Standard calls for circulation figures to include freesheets

By Dominic Ponsford

The Evening Standard’s circulation boss has called for a change in
the Audit Bureau of Circulation rules to allow its free Lite edition
copies to be included with its main figure.

If adopted, the rule change could mean that all publications are
allowed to combine paid-for, free and electronic editions to boost
their official circulations.

Following the release of the May ABC
figures, the Standard claimed a “huge” circulation boost of 9.8 per
cent year-on-year by combining Lite and paid-for sales.

But without the 76,000 giveaway Lite copies, Standard sales were down 10 per cent year-on-year to 348,892.

Circulation
director for parent company Associated Newspapers, Mike Newman, said:
“At the moment you have to present the two figures completely
separately. You are not allowed to put them together in the way you
present them.

“Some publications are being produced in a number of different formats.

They
may be fully paid-for, they may be Lites or maybe it’s an e-version of
some sort – we want to be able to accumulate all this data together.”

Newman
said he raised the issue at a “blue-sky” discussion forum hosted by ABC
last Friday and the body is now considering his proposals.

May’s
ABC figures provided the first bit of good circulation news for Daily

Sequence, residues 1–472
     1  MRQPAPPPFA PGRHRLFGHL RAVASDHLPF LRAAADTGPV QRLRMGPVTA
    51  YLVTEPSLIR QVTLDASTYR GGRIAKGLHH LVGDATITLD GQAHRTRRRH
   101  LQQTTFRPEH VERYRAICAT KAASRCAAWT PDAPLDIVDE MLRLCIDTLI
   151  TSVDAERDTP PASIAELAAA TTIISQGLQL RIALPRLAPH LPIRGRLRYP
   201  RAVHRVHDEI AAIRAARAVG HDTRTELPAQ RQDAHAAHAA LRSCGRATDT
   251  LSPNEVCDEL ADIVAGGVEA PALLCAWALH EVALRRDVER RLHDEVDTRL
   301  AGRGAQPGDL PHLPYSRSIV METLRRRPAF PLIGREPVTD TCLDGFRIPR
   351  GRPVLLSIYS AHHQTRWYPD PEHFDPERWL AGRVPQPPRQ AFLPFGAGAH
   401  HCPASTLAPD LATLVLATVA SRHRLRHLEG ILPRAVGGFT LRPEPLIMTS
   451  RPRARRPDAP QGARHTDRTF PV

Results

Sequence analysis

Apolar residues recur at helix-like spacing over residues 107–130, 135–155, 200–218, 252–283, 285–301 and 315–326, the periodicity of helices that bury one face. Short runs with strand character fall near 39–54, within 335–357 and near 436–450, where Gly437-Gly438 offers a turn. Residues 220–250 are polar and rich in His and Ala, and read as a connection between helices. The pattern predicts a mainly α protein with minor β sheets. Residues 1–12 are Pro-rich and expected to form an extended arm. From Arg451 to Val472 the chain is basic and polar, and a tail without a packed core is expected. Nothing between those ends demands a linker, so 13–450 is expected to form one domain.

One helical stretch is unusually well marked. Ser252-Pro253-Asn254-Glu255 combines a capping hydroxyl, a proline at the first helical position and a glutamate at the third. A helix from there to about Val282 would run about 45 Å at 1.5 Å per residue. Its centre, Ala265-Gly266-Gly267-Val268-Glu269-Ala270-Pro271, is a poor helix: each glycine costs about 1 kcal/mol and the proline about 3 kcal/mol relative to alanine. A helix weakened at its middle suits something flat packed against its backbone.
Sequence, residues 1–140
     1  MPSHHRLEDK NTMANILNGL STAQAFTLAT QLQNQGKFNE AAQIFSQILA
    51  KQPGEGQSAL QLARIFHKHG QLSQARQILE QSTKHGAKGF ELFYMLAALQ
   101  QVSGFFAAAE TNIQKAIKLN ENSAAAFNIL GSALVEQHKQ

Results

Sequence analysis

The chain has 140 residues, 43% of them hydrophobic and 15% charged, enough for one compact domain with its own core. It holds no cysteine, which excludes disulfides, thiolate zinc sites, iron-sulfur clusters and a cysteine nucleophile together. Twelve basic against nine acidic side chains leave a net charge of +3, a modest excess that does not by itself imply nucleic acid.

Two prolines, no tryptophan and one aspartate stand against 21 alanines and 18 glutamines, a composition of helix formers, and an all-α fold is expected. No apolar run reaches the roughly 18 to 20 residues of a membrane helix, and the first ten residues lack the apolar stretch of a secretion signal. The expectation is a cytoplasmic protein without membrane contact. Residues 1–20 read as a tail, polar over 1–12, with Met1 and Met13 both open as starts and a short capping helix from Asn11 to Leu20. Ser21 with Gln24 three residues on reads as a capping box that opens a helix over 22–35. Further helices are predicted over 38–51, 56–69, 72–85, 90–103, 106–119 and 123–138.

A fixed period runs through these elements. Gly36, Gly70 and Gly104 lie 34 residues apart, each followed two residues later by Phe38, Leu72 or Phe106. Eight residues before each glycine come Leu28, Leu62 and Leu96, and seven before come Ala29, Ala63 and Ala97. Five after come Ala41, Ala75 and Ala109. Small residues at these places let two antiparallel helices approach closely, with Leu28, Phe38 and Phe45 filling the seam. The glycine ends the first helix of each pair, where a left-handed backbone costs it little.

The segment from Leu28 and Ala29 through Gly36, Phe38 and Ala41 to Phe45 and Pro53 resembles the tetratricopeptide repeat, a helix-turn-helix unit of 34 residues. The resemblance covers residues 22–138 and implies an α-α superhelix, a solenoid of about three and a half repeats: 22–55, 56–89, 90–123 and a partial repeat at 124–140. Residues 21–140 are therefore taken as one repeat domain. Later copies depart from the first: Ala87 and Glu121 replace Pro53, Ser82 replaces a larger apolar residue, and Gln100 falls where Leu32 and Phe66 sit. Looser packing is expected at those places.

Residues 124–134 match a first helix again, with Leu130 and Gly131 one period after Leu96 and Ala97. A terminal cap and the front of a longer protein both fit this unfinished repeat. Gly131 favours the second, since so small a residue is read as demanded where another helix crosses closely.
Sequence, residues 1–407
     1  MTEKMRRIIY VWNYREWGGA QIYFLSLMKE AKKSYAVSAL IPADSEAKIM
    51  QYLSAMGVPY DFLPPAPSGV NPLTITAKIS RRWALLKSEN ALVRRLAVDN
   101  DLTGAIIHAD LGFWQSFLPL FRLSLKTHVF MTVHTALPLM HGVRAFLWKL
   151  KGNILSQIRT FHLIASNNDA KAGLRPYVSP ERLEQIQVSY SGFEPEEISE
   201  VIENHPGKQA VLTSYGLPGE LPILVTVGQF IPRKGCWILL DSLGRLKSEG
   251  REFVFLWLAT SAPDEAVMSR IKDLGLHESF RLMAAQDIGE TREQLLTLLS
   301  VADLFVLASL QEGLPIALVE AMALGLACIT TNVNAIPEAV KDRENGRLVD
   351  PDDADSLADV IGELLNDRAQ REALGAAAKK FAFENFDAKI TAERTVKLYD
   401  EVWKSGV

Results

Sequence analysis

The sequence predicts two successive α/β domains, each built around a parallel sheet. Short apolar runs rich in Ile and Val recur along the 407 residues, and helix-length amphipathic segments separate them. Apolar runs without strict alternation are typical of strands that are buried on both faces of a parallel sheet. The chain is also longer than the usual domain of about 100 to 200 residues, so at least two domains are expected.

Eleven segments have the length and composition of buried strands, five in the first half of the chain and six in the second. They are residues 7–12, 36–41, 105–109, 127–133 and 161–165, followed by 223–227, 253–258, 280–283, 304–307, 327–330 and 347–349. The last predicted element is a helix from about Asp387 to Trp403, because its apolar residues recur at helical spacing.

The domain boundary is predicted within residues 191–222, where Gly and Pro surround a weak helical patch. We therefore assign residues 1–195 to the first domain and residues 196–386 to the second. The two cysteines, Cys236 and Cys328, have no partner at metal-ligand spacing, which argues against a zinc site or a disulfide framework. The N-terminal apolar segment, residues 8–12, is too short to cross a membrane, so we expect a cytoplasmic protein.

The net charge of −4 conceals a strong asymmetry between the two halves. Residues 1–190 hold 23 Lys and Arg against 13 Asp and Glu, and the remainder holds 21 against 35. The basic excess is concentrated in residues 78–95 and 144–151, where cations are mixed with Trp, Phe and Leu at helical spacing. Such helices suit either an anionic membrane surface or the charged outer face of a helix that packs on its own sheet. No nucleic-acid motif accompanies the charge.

Mirror editor Richard Wallace since he was promoted to the top job at
the title last June.

The paper’s sales were down 8.9 per cent
year-on-year last month but in May the year-on-year drop slowed to 3.58
per cent and month-on-month it was up 3.54 per cent to the current
total of 1,780,554.

It is the paper’s highest overall circulation since September 2004, and the highest month-on-month increase since January 2002.

On
10 May, the Daily Mirror launched a daily seven-page section called
Your Life, which includes human interest stories about “real people”,
as well as fashion, shopping and health coverage.

On the
marketing side, the paper ran a comedy DVD giveaway throughout May.
Readers were invited to exchange an in-paper coupon for single-episode
DVDs of classic BBC comedies such as The Good Life and Open All Hours
at branches of Woolworths.

The Times claimed to have widened the gap with The Daily Telegraph in May on full-price sales.

Full-price
sales were up 8.1 per cent to 508,348, compared with the Telegraph’s
figure of 483,365. The headline circulation figures for May were
684,695 (up 3.57 per cent year-on-year)n at The Times and 915,711 (up
0.35 per cent year-on-year) at the Telegraph.

Times editor Robert
Thomson said: “The Times continues to leave the field far behind as
other papers bulk up their bulk, foreign and heavily discounted sales.
The quality market is now dominated by the success of The Times, both
in print and online. Most strikingly, the full-price gap over The Daily
Telegraph is now 24,983 copies. In May last year, The Times was 40,395
copies behind. Clearly the compact has had an impact.”

Telegraph editor Martin Newland talked up the success of the paper’s subscriptions.

He
said: “Our circulation has grown, in difficult market conditions, for
the past four months, rising to a year-onyear increase. I am
particularly delighted with our healthy subscriber base, which builds
on our unique status as undisputed market leader.”

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